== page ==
One of the reasons slam poetry works so well is the way it brings people together. "It strives to bring together divergent communities of people, not drop out from society to form a hipster elite" (1). Sure, sometimes slam events can get competitive, but it’s not about the prize or who “wins.” I was moved to tears by a slam poem done by two Muslim girls about what it’s like for them living in America and I got a little look-see into their world. It made me look inside myself and rethink my set of beliefs about Muslims, not that I’ve ever been intentionally prejudice against them, I've just never had that kind of experience before. Most of the Muslims I’ve met have been women and all were really timid, so it was a new experience for me that showed me how our views of others can change so quickly. Now I feel a connection with the two girls and I want to see them and other Muslims for who they are, not for what a stereotype defines them as. I guess it took a slam poem to change my mind.

Let's face it, there are myriad societal issues that confront us today. There are things that go on every day that are wrong on so many levels that need to be stopped. Some are very personal and others are more widespread. You know what I’m talking about. Most of us know someone who’s had an eating disorder, who struggles with depression, anxiety, OCD, All of us have witnessed or at least are aware of different kinds of injustices, prejudices and mistreatment toward people and/or groups of people. I’m talking racism, sexism, violence, abuse, rape, discrimination because of someone’s beliefs, etc. We know these things are happening. We hear about them on the news, on Facebook and other social media, but I’m not sure how much we actually do to help change the world around us.

That’s easy to understand. For a lot of these issues, we may feel they don’t affect our lives or that our influence is too insignificant to make a real change. But these slam poets, many of them youth, are making a difference by changing the way people think and feel. One evidence of their influence are the content in the comments of their videos. Here is Blythe Baird's "When the Fat Girl Gets Skinny" slam poem, followed by a few of the comments on her YouTube video I thought were extra special.

"I'm currently in treatment for anorexia and this really inspires me to work harder and beat this disease"
"I feel this so so much. I've been dealing with anorexia and bulimia since I was 15, and at 19 and even after fainting at school, in a concert, and at work, I've never gone to the hospital. "If you are thin to begin with when you get an eating disorder, you go to the hospital. If you are not thin to begin with, you are a success story" is so damn true. At one point I was 150 lbs under what I started at, cold in the warmest electric blankets I could find and not taking down a single calorie for days, I didn't go to the hospital. I went to therapy once every two weeks and was told to figure it out on my own. It's not fun to be fat and anorexic. It's a nightmare."
"Every time I feel myself slipping i listen to this again and I remember why i dont want to go back"
"all the words I've never been able to speak"

"This should be shown in schools. People don't realize how often you get congratulated when you have an eating disorder. It's fucking mind bending to have your treatment center telling you you're dying when everyone else says you look so good, they're jealous you can fit into that size, they want dieting tips, they talk about it like that's all that matter about you, people who never noticed you compliment you. It feels like being congratulated on being thin when you're going through chemo. You can feel that you're dying. You feel depressed, angry, anxious, and lonely as fuck all at once.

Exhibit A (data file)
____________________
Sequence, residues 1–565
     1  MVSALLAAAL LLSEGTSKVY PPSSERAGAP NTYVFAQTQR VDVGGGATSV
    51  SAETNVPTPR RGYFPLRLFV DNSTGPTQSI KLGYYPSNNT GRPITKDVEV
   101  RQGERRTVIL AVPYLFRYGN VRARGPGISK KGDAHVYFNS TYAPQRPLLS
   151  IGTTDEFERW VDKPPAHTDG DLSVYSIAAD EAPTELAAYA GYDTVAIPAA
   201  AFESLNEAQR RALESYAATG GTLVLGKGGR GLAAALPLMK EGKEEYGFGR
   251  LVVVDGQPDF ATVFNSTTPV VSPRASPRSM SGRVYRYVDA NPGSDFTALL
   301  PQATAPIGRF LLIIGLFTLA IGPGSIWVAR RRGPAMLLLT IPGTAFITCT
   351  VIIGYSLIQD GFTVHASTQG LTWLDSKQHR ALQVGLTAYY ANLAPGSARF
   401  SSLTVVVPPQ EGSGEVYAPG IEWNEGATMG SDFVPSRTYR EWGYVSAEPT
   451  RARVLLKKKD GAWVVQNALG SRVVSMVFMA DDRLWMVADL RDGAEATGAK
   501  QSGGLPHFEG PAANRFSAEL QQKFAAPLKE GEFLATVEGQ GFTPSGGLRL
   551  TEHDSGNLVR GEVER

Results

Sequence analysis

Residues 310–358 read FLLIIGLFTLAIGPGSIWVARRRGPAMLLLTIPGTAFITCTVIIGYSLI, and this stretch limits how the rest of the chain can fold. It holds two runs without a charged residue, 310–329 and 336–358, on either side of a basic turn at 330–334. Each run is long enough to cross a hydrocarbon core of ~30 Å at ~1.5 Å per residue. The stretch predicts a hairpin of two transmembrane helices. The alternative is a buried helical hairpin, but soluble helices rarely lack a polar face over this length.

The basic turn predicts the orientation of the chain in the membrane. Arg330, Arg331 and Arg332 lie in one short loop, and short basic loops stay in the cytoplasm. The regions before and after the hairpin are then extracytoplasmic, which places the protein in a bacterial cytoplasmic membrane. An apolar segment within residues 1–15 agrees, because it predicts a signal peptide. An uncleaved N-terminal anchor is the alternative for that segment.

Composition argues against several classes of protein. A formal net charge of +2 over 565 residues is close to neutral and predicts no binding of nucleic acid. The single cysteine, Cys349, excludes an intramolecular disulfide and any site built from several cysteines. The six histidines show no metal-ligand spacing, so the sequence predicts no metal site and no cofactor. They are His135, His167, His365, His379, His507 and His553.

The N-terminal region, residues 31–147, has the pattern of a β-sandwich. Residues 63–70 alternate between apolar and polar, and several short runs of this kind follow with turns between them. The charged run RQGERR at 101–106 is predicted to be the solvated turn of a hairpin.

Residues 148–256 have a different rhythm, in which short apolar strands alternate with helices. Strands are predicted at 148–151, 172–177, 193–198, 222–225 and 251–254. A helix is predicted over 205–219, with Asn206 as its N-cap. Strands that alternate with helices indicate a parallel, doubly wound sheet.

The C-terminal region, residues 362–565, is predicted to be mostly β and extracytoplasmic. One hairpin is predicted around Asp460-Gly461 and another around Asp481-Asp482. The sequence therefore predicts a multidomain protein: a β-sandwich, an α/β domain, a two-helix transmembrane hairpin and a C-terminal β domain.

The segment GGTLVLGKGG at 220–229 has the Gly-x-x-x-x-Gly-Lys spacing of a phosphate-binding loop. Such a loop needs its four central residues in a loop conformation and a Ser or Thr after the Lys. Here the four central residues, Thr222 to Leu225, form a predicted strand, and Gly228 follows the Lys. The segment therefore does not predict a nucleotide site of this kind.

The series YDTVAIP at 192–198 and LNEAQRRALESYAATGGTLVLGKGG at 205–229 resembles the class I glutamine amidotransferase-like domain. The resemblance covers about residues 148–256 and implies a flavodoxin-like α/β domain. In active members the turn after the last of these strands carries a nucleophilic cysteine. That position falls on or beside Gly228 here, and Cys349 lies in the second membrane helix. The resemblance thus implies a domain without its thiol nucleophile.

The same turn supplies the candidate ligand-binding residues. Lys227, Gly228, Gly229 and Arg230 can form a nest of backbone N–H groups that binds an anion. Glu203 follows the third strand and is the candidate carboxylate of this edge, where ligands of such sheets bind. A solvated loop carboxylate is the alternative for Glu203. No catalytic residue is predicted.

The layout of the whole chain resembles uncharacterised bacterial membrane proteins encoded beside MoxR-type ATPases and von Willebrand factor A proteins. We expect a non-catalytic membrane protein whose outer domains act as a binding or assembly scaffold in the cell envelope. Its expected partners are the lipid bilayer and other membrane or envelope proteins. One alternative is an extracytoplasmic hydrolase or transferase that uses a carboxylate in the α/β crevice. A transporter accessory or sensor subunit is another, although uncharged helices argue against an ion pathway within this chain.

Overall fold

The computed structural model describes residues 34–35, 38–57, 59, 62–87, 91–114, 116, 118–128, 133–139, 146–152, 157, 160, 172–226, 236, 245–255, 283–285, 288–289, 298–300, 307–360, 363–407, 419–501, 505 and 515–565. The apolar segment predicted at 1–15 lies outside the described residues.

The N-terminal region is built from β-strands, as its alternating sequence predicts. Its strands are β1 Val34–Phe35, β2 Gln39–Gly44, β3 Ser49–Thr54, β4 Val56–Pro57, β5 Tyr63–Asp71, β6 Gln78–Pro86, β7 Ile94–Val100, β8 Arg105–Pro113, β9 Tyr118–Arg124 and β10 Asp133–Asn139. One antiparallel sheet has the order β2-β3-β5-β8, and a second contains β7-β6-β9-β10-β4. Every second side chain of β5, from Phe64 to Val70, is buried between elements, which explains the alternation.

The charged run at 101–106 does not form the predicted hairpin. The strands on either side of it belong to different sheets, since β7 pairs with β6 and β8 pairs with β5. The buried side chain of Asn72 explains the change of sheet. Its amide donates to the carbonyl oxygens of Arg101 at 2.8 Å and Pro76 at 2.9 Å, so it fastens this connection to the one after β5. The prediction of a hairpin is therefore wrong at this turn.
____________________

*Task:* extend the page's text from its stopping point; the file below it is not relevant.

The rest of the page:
You know what's awful? Being told it's "such a shame" when you go to treatment because you're "wasting" that skinny body. If you want it so bad fucking take it, along with the hair loss, dizziness, fainting, bleeding throat, stomach pains, shaking, freezing cold, clouded thoughts, aching muscles, constantly getting sick, heart palpitations, liver failure, and more."

When I first watched this video (and every time after that), I felt compassion. I wanted to tell her and every other person who struggles with eating disorders and distorted body image to stop doing what they are doing, they are hurting themselves. I felt sympathy. My aunt died before she reached 50 because of bulimia and anorexia, and it's so hard to watch that. It's horrible to think that we could be perpetrating this idea that to be accepted, you have to have a perfect body. Blythe Baird is trying to tell us that being skinny, being complimented, having people praise you and have interest in you isn't worth dying. Society doesn't decide what you need to be, you get to be whoever and whatever you want to be. If you want to see more of slam poetry check out all the accounts I follow on my YouTube channel, as well as some playlists I organized by topic.

Works Cited

John Milton, Paradise Lost. Link

Leavitt, Kimball. The Negative Effects of Alcohol, taken from my blog

Smith, Marc Kelly; Kraynak, Joe. Take the Mic: The Art of Performance Poetry, Slam, and the Spoken Word (A Poetry Speaks Experience) (Kindle Locations 600-602). Sourcebooks. Kindle Edition.

The Norton Anthology of English Literature, Early 17th Century: "Paradise Lost in Context" link here

-of Taking the Mic: Performance Poetry, Slam and the Spoken Word from, found here
-of John Milton found here
-of anorexic woman found here

Comments taken from the YouTube video entitled "Blythe Baird - When the Fat Girl Gets Skinny (NPS 2015)" 


  1. It would be good from a viewers point of view to have images to break up the text

    1. Thanks Samantha. I was definitely in the developmental stage